By the mid-20s Méliès had married his mistress, the actress Jehanne D'Alcy, and now owned a small shop in Montparnasse station from which he sold sweets and children's toys. He lived humbly with his wife and young grandchild, but would eventually be re-discovered and, by 1929 would be apart of a gala that looked retrospectively at his recovered works. Since then, Méliès has gained his place in the film history books, often being given some of the brightest and most dazzling chapters concerning the birth of cinema. To date, over 200 of his 500 films have been found and preserved with a majority of them readily available to access. However, what of these films?

Let us start the story all over again with a new perspective. Having been to the Lumières' private show, having constructed his own camera, Méliès would begin making short films in 1896. Une Partie de Cartes, or, Playing Cards was the first of these:


Méliès began where many pioneering filmmakers of the late 1800s began: the simple street scene. Resembling many of the Lumières' constructed table scenes, Playing Cards simply features three friends playing cards whilst drinking as well as a waitress who serves them - two of the friends being Gaston and Georges Méliès and the waitress Georges' daughter. In fact, Playing Cards is thought to be a remake of the Lumière short of the same name that came out in this same year. This would make Méliès' first film an example of the endless re-constructions - these are hardly individual enough to be considered remakes - that would occur in the early silent era. Without really knowing what to point and shoot at, filmmakers would imitate successful films. The Lumières' Arrival of a Train at La Ciotat and The Sprinkler Sprinkled were amongst the first and most widely reconstructed films that then set a president of recreation that took more than a decade for film industries to begin controlling. Even in the 19-teens, however, imitation across international markets would still be incredibly prevalent. (In short, a lot of people stole off of the French; firstly Méliès and then the filmmakers at Pathé).

What we are then seeing with Méliès' first film are humble, somewhat plagiarised, beginnings that would soon give way to extravagance and originality. So, having gotten his first film under his belt, Méliès would continue to test his camera, shooting street scenes, magic tricks that he would perform on stage and small situational comedies that have all been lost. With his comedies he would again be following in the footsteps of the Lumières by working in narrative forms that, whilst they undeniably are narratives, don't strike someone as more than a staged street scene. Alice Guy-Blaché, discluding the films of Charles-Émile Reyaud, was then the first to formulate a story constructed for its subtext and meaning with The Cabbage Fairy, not just its entertainment factor as with the first narrative film, The Sprinkler Sprinkled. This was all a few months before Méliès made his first narrative film (that has survived to this day), A Terrible Night.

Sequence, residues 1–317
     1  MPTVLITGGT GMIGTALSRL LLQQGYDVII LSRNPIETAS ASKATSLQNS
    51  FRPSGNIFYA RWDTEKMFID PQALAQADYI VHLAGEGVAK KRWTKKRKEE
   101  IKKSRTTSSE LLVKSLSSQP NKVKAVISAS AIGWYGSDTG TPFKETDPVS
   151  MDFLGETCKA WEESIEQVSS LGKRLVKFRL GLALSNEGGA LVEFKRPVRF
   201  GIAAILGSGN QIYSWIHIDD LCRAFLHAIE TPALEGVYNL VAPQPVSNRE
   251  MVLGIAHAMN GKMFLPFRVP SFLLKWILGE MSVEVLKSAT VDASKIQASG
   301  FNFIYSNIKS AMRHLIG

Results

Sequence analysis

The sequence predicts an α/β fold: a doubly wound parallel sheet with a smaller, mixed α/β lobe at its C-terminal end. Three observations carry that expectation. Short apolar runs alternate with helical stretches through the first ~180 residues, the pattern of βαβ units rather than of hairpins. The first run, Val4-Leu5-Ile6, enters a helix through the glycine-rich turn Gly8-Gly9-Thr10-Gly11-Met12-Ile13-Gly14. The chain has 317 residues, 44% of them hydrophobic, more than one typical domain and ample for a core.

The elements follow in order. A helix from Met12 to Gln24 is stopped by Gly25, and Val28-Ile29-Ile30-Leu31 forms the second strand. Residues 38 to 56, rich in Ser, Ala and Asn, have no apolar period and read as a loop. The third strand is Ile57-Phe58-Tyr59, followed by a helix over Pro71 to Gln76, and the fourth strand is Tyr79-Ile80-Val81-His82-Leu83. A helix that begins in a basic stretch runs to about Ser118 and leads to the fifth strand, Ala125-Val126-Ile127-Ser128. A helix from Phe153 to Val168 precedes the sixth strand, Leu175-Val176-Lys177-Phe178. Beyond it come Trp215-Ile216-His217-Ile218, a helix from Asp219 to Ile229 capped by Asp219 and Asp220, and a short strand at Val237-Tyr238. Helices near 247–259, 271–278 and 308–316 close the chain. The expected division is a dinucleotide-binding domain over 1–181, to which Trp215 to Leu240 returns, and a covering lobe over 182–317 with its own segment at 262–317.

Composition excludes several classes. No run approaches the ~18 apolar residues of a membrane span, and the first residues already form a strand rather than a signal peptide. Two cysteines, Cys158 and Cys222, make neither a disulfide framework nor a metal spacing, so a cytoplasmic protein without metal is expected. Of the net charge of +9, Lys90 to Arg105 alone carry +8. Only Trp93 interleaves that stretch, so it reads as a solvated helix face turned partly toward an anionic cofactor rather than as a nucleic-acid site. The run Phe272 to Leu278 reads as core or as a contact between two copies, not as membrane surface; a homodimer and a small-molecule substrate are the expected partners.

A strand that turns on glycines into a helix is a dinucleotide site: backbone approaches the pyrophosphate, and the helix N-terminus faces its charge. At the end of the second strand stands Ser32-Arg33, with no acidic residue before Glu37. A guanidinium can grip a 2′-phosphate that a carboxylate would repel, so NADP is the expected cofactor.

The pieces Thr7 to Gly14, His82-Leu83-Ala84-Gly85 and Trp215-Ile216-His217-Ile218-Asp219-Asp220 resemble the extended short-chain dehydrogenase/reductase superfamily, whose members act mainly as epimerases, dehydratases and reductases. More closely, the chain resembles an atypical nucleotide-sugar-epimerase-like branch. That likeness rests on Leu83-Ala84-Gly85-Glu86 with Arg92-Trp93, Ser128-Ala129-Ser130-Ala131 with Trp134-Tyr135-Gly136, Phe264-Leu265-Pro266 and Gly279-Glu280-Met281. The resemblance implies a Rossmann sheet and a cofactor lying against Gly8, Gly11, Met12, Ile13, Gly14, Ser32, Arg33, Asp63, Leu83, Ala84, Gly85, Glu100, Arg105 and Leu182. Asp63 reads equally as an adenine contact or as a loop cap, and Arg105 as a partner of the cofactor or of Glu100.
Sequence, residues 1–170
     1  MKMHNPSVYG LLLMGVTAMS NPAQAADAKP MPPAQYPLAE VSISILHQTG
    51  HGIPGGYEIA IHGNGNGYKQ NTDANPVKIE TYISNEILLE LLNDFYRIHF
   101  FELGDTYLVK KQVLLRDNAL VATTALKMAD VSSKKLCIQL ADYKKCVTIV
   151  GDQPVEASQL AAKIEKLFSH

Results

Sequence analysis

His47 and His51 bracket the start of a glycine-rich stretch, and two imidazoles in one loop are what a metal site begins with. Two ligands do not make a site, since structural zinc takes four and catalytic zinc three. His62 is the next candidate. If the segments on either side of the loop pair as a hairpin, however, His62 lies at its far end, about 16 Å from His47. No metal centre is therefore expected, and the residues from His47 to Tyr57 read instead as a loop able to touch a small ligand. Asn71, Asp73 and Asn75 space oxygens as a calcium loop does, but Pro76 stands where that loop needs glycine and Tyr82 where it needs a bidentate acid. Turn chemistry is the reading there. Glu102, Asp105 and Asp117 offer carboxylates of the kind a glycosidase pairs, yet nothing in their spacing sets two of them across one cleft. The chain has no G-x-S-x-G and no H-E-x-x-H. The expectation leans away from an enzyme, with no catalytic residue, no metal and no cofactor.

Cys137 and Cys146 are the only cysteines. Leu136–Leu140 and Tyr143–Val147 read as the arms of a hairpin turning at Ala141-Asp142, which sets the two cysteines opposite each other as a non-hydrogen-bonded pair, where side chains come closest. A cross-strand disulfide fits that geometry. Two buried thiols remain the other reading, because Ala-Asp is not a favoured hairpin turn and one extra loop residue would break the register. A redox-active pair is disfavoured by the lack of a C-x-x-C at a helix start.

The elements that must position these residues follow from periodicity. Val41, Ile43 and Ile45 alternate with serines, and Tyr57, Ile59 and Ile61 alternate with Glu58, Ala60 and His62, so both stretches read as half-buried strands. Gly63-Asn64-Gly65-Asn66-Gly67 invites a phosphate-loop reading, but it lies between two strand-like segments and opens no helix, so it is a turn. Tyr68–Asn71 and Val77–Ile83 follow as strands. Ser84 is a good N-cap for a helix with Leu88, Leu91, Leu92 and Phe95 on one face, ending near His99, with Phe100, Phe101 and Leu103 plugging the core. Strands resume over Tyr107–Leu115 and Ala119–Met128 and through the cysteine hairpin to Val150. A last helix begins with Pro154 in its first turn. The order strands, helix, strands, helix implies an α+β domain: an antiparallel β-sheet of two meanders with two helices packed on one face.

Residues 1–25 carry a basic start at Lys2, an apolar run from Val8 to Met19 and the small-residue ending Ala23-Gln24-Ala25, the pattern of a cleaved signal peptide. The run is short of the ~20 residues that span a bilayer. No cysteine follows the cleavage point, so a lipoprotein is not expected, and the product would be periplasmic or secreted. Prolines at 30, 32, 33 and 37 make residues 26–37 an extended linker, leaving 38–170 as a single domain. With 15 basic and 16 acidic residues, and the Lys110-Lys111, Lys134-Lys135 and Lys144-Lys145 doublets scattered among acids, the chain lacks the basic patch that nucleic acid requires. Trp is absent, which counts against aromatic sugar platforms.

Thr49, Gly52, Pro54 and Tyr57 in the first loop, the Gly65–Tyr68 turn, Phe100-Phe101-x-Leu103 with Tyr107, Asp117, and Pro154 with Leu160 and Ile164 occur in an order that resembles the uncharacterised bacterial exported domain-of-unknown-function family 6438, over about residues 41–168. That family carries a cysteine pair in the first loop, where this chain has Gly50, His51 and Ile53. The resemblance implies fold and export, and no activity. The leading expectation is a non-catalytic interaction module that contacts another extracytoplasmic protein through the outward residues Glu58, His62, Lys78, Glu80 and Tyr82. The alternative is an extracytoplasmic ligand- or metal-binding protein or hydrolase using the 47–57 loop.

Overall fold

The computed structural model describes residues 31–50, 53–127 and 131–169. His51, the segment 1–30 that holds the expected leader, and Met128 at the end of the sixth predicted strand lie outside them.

Simple, and staged for the sake of fright - maybe with an edge of comedy - A Terrible Night can also be considered Méliès' first known endeavour into the genre of horror, which he would return to quite frequently. An example of this would be Méliès' most impressive film from his first year, The Haunted Castle. However, before we touch on that, we must first look at The Vanishing Lady:


The Vanishing Lady is not the first trick film ever made, but it is Méliès' first. As the legend goes, Méliès was one day shooting a street scene of cars exiting a tunnel. As Méliès cranked the camera it jammed briefly. Thinking little of this, he continued cranking after the pause. Looking at his footage he saw a bus come out of the tunnel, but then suddenly turn into a hearse. Whilst this is technically a jump cut and a mere mistake, but Méliès saw the potential of this error. This wasn't just a jump cut, it could be a substitution splice or a stop trick.

The first known filmmaker to make this discovery and utilise it was Alfred Clark working in the Edison Manufacturing Company. (And before this magic lantern shows had dissolves, moving parts and changing plates, which means that the idea of a cut wasn't completely foreign to filmmakers). It was with The Execution Of Mary Queen Of Scots that Clark shot an executioner hold his axe above the head of Queen Mary. Just before he brings it down on her neck everything stops. The actress is replaced by a doll and the action continues to the effect of a grizzly trick beheading. Méliès independently applied this exact principal within The Vanishing Lady, utilising the contrivance of cinema to put on a unique magic show that could only be captured on screen. And thus, it seems, Méliès The Cine-Magician was born.

Expanding on his first trick film, Méliès would then later delve into the horror genre again with The Haunted Castle: